Upholstering Cars in Elephant Leather

Published by Nadeem Muaddi on July 1st, 2012

If you’ve got customers with deep pockets and a taste for the exotic, consider offering elephant leather. The skin’s deep grains and course, rippled texture is definitely unique – just not for everyone.

While some folks are drawn to the large patterns in the skin, others – like me – think it looks cracked. In fact, I liken the look and feel of elephant leather to cow hides that have been left in the sun for too long. But to each his own, right?

If you are going to order elephant leather, shop around because it’s expensive. Rojé Exotics, a popular supplier of elephant leather, sells the skin for $40 per square foot, and requires a minimum purchase of eight square feet.

The high price is attributed to the fact that African elephants are an endangered species. The hides, of course, are procured legally. Rojé Exotics explains:

The source of all African elephant skins come from culls once the elephant herd reaches destructive numbers to African tribes and nature. It’s very similar to our deer season in the United States. Without culling, often viewed as unethical, many African tribes would loose their homes and possibly become trampled to death. Designers, manufactures, and leather enthusiasts should not feel emotional or have guilt for using this leather as we are not creating a demand rather using a by product. We deal with reputable international partners who abide by all regulations and we never sell poached hides.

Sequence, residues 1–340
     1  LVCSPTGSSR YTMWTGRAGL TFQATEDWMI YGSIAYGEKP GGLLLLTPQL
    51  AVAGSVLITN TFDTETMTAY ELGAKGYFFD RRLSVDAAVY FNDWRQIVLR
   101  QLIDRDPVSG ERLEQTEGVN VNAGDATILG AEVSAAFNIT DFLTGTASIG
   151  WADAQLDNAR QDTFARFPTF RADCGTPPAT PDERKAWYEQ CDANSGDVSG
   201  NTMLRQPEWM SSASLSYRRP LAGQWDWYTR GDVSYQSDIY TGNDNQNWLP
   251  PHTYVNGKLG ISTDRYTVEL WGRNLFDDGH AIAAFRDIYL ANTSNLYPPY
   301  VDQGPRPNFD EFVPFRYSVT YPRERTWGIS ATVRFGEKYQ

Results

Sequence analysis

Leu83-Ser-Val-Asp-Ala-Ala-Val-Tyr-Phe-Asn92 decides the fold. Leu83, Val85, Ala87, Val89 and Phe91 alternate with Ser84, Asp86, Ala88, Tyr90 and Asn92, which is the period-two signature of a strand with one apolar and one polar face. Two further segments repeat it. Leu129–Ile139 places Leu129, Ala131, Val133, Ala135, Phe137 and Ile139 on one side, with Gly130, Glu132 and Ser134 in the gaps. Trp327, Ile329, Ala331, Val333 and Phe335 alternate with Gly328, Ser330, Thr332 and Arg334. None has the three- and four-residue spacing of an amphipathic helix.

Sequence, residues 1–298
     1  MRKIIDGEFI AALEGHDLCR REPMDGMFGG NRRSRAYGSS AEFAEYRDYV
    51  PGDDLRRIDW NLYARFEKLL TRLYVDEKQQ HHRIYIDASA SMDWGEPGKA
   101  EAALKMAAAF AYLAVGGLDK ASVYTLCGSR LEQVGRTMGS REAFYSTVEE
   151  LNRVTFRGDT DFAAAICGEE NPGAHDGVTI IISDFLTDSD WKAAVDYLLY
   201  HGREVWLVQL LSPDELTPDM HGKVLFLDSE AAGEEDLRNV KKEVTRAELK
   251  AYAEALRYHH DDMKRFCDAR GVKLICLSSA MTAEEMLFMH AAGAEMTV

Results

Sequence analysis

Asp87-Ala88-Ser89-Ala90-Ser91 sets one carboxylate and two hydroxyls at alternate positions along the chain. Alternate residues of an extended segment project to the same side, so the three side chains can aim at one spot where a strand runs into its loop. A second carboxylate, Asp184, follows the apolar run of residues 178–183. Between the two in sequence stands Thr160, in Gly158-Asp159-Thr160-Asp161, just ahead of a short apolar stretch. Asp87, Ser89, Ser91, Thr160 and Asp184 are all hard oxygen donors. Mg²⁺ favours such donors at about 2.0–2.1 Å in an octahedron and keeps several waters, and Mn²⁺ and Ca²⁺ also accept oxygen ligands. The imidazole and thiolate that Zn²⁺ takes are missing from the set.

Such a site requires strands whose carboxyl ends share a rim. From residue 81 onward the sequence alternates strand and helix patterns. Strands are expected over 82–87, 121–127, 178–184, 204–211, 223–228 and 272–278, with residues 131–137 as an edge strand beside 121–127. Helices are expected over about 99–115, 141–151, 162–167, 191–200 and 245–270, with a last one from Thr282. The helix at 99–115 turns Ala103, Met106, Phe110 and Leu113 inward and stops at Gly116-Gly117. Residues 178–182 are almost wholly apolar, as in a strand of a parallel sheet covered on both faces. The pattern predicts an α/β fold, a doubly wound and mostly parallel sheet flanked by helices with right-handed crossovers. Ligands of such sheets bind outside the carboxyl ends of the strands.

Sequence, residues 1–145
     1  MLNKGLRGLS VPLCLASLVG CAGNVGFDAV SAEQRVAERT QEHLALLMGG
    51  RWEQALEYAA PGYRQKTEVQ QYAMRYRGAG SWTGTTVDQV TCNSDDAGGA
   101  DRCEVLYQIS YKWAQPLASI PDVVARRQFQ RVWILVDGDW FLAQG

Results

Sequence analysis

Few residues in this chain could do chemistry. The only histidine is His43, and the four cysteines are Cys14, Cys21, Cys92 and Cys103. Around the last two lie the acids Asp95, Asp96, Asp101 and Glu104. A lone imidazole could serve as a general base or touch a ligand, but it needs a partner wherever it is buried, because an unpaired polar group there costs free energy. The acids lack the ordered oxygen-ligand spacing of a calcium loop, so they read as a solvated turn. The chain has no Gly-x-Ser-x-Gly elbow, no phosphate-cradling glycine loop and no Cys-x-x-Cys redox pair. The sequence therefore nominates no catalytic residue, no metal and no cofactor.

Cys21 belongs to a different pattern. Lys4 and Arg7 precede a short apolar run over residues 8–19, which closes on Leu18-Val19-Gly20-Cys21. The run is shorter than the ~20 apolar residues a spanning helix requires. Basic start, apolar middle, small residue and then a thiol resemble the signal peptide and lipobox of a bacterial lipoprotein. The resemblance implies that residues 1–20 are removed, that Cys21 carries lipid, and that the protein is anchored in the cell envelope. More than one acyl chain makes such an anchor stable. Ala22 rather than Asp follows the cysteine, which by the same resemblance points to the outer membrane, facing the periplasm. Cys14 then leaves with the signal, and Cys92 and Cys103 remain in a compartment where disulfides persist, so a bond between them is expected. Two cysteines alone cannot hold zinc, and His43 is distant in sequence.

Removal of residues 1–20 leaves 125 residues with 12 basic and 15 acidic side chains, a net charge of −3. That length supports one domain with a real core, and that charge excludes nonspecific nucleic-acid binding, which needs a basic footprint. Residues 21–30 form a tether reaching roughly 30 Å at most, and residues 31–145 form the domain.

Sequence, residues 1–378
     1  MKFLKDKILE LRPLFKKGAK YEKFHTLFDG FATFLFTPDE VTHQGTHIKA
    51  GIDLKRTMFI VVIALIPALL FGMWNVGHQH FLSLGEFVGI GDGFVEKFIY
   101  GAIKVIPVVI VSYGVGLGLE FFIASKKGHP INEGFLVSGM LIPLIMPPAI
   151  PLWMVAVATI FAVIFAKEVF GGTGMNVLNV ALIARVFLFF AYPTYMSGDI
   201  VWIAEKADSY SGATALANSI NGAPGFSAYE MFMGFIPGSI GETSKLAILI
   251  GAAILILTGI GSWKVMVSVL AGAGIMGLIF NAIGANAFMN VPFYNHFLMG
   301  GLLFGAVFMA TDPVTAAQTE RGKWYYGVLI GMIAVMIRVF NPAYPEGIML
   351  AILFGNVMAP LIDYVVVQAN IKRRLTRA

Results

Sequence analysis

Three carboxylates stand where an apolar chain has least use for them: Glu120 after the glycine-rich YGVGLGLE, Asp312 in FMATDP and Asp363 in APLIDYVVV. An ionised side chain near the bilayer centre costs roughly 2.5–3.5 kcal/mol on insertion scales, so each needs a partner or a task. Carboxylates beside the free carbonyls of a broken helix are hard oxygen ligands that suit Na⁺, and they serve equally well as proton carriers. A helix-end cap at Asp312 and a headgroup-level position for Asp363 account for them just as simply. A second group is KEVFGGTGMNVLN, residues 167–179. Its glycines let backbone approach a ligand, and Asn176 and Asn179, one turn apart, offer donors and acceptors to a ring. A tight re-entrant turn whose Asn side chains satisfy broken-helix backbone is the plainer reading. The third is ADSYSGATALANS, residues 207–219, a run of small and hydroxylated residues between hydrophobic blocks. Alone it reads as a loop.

Personally, I can’t wait for the fad of exotic hides to pass – especially the combining of different animal skins. The picture below is of a car that sports an elephant/stingray car interior. Way too gaudy for my taste!

What do you think? Do you like the look of elephant leather? Have you worked with it before. If so, tell us about your experience in the comments section below.




6 Responses

  1. tinabanana tinabanana says:

    I think they need to leave the exotic animals alone.

  2. Geoff Geoff says:

    I could see it if the leather was sourced from deceased zoo animals. But this is too easily poached to be cool.

    And I know I am not an upholstery guy, but that does not look attractive in the example photo. I like the look of the camel leather much better.

  3. Tina and Geoff – I agree.

    A question that stuck out to me was – if African elephants are considered an endangered species, then shouldn’t’ there be a more forward-thinking approach to regional herd control than culling?

    Though I suppose that’s an issue for an entirely different blog…

  4. Geoff Geoff says:

    Nadeem – that is a really good point. Perhaps another blog – or forum on trimming and the environment.

  5. McElwain Upholstery says:

    I have covered a motorcycle seat with elephant leather. It took the customer something like two years to get it through customes

  6. Graham Duplock says:

    Porsche used an elephant hide leatherette on their 1968 911L cars. This is no longer available so genuine elephant hide would be a possible replacement.


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